Maybe only photographers would think of this question, but if Paul Simon’s verdant lyric about Kodachrome giving us “the greens of summer” was true, then why, oh why, was Fujichrome invented? At the risk oversimplification, let’s take a look at that question. After all, in his own way, Hugh Morton did!
The demise of Kodak’s Kodachrome film has made the media rounds recently, and soon after the announcement I thought of writing a post about it (because Morton first used Kodachrome in the early 1950s).
Then, we rediscovered a set of 35mm slides that Morton made where he photographed several subjects with three different films, including Kodachrome. Two of those scenes are represented here as side-by-side scans. Morton’s approach was likely loading three cameras with three different films, setting up a tripod, then swapping out the cameras to make three separate exposures. He picked several scenes until he completed the three rolls of film, then processed all three rolls and compared the results, scene by scene.
To keep this from turning into a complicated photography lesson, let’s just note that manufacturers make different films with different “extended sensitivities.” That means that one film may be more sensitive to reds and yellows, for example, and another film may be more sensitive to greens and blues. This is the case between Kodachrome and Fujichrome, and Kodachrome and Ektachrome. Can you see the differences between the films in the two examples?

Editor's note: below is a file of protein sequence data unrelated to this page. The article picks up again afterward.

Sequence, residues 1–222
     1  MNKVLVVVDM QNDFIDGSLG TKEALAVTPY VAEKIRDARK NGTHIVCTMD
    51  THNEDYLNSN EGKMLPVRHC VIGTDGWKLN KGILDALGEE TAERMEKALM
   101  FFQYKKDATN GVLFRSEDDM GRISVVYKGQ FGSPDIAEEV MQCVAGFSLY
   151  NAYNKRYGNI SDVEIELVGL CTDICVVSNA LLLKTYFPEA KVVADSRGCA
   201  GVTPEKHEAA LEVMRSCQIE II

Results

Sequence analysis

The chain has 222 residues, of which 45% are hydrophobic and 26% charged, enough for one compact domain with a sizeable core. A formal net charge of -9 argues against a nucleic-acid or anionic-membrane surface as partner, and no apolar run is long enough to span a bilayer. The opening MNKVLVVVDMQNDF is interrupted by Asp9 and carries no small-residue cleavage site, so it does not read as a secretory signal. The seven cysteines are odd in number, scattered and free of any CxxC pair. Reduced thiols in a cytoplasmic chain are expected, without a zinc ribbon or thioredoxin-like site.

When the news of Kodachrome’s death first came out, I had my natural kicked-in-the-gut reaction I get when another hallmark of film photography comes to its fateful end. A friend and I were ruefully exchanging emails discussing Kodachrome’s death blow, and I asked, “When is the last time you shot Kodachrome?” For both of us, the answer was quite a long time ago—so long ago that neither of us could remember precisely. In fact, digital photography has meant that I haven’t shot any type of film in about five years.
One of the standout benefits of digital photography over film photography is its ability to compensate for different types of lighting or adjust the rendering of colors in a particular scene from exposure to exposure, rather than from roll to roll. Depending on your camera and/or imaging software, you can make one exposure, then walk to your computer and easily create variations from that one image that would look similar to all three of Morton’s film examples—and more. This is one more reason that digital photograhy is supplanting film photography, and a contributing factor to the end of Kodachrome’s fabled history.